Pentagon Raqqa Liberation Plan May Place U.S. Troops Closer to Front Lines in Syria

U.S. Army Lt. Col. Ed Matthaidess, commander, left, Task Force Falcon, outlines areas of an Iraqi security forces tactical assembly area to U.S. Army Maj. Gen. Gary J. Volesky, commander, Combined Joint Forces Land Component Command – Operation Inherent Resolve, in northern Iraq, prior to the start of the Mosul …
U.S. Army photo by Sgt. 1st Class R.W. Lemmons IV

WASHINGTON – A U.S. plan to help Syrian allies retake Raqqa, the Islamic State’s stronghold in Syria, could involve more U.S. troops getting significantly closer to the fight.

The Pentagon’s “favored option” among several options forwarded to the White House last week includes increasing the use of Special Operations forces, attack helicopters and artillery, arming Syrian Kurdish and Arab forces on the ground, and easing restrictions on U.S. troops, according to the Washington Post.

U.S. military officials involved in the planning have proposed lifting a cap of 503 U.S. troops officially authorized to deploy to Syria.

Pentagon officials have not publicly discussed how many U.S. troops are deployed as part of the 503 cap but say it is below that. That cap does not include U.S. troops who come in and out of the country on a temporary basis.

Under the Pentagon’s plan, U.S. troops would not be directly involved in ground combat but would work closer to the front lines to assist the Syrian Democratic Forces in retaking Raqqa.

While  American troops would not participate in ground combat, the proposal would grant them more freedom to navigate front line and  delegate more decision-making authority down the military line from Washington, according to the report.

The plans were forwarded to the White House last Monday, after President Trump gave the Pentagon 30 days to prepare a plan to destroy ISIS.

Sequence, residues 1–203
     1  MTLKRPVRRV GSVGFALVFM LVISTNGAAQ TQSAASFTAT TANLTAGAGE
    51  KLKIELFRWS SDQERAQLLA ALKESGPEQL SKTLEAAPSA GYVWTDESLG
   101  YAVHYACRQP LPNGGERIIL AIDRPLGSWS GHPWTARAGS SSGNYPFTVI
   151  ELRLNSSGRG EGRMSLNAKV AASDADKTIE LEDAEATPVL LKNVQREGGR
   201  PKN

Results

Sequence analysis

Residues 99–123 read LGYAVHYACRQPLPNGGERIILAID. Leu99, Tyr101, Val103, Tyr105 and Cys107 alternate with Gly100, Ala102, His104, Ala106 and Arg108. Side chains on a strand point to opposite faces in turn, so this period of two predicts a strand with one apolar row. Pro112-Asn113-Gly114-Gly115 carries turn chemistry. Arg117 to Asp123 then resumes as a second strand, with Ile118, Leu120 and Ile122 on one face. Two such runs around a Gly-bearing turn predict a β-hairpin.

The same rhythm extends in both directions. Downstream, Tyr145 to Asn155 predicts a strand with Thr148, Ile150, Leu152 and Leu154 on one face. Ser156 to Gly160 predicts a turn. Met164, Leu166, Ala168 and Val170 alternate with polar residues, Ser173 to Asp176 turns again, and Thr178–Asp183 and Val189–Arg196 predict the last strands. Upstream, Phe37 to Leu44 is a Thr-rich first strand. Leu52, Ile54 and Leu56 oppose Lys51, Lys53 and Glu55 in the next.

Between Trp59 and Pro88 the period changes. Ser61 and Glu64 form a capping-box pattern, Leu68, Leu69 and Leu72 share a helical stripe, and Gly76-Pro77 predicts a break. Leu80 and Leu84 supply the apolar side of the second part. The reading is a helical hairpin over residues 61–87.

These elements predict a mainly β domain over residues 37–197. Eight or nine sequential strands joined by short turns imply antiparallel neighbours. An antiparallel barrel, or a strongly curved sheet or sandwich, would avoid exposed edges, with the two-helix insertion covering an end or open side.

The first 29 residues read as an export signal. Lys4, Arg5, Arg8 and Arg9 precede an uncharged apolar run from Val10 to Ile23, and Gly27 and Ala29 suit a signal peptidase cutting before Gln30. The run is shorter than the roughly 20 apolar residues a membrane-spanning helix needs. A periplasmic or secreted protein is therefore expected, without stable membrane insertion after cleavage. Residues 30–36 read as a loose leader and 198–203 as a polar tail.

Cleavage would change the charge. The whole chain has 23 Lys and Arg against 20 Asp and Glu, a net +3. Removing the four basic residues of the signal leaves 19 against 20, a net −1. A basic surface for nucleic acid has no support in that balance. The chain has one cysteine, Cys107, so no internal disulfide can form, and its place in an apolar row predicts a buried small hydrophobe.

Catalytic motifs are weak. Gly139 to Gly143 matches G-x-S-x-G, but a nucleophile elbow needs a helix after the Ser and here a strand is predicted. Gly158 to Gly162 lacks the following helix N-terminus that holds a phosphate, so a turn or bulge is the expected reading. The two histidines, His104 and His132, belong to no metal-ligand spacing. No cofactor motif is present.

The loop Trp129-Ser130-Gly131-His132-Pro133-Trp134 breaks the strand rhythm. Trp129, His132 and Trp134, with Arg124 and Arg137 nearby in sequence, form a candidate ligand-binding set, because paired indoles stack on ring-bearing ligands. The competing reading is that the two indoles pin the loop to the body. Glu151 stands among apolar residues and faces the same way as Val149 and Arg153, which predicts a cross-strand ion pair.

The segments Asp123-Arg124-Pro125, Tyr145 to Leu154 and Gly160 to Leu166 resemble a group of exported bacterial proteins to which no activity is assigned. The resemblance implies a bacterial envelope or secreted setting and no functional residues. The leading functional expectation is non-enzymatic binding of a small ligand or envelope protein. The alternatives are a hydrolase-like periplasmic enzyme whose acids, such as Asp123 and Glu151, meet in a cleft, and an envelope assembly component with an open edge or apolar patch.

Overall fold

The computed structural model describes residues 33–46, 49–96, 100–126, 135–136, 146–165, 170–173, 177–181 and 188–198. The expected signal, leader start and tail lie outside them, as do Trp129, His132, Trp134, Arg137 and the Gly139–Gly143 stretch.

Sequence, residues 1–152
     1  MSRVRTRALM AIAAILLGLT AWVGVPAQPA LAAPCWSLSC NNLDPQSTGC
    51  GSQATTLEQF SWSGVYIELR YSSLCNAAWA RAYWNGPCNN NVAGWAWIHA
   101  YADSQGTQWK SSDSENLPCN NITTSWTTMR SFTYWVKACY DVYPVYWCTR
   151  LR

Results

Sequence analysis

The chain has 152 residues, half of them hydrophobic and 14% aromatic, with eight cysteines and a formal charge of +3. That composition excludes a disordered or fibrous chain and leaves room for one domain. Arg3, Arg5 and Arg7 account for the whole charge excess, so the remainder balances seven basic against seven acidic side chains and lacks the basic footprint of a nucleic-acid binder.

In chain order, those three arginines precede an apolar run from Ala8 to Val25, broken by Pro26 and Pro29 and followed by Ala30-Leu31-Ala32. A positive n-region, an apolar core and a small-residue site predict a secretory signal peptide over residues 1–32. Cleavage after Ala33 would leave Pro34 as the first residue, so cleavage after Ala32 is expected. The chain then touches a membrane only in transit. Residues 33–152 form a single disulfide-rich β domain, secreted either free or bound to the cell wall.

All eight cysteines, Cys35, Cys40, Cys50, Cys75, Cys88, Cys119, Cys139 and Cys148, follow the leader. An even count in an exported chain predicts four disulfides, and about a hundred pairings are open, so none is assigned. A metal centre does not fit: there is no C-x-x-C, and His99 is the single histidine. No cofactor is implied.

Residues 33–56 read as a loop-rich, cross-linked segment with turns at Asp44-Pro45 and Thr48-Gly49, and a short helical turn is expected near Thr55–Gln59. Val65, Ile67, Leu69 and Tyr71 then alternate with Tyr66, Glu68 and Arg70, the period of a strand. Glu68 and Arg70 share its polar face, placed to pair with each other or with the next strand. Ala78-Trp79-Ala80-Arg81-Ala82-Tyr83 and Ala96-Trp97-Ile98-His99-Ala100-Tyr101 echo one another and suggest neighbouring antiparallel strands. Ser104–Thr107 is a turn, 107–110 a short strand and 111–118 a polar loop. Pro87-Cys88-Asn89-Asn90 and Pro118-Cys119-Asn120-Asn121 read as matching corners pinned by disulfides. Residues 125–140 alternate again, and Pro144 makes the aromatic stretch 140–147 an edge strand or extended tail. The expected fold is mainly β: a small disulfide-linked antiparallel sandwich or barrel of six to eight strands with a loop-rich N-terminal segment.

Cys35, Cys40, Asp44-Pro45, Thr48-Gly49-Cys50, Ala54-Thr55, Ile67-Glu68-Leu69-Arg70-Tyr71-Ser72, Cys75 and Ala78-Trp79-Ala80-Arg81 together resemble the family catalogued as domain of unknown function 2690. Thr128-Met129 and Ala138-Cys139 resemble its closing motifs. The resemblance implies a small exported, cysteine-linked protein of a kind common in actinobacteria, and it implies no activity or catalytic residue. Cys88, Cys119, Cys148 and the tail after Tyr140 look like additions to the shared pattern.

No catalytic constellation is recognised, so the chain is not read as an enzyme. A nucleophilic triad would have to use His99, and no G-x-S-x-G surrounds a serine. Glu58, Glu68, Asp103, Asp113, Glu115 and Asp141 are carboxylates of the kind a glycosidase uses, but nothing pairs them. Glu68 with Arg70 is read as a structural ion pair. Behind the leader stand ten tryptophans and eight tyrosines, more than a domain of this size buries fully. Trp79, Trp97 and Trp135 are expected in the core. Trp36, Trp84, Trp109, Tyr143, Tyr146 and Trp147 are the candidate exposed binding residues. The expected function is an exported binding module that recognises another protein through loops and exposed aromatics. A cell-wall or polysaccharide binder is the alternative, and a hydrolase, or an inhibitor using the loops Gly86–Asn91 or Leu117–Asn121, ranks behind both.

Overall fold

In the meantime, U.S. commanders have began a new mission in Syria’s north — preventing a new fight between two U.S. allies — Turkish government forces and the Syrian Democratic Forces.

A Pentagon spokesman on Tuesday said some detachments of U.S. troops are “visibly stationed” in the northern Syrian city of Manbij, to remind the Turkish and Kurdish forces — who are both fighting ISIS but view each other as enemies — not to begin fighting.

Turkey believes the SDF is part of the Kurdish militant group PKK that has been advocating for autonomy in Turkey and is suspected of terrorist attacks there. The country intervened in the Syrian civil war when it appeared that Kurdish forces were gaining ground in Syria along Turkey’s border.

The Pentagon describes the new mission as a “reassure and deter” mission.

“We have made visible actions in deploying U.S. forces as part of the coalition in and around Manbij to reassure and deter. And that’s to deter parties from attacking any other parties other than ISIS itself,” said Navy Capt. Jeff Davis.

Davis said the SDF, who originally worked with the U.S. to push ISIS out of Manbij, have given the terrain to its Arab elements, dubbed the Manbij Military Council.

“The goal here is to make sure there is no misunderstanding about who is holding Manbij. Manbij is being held by the Manbij Military Council — a predominantly Arab force,” he said.


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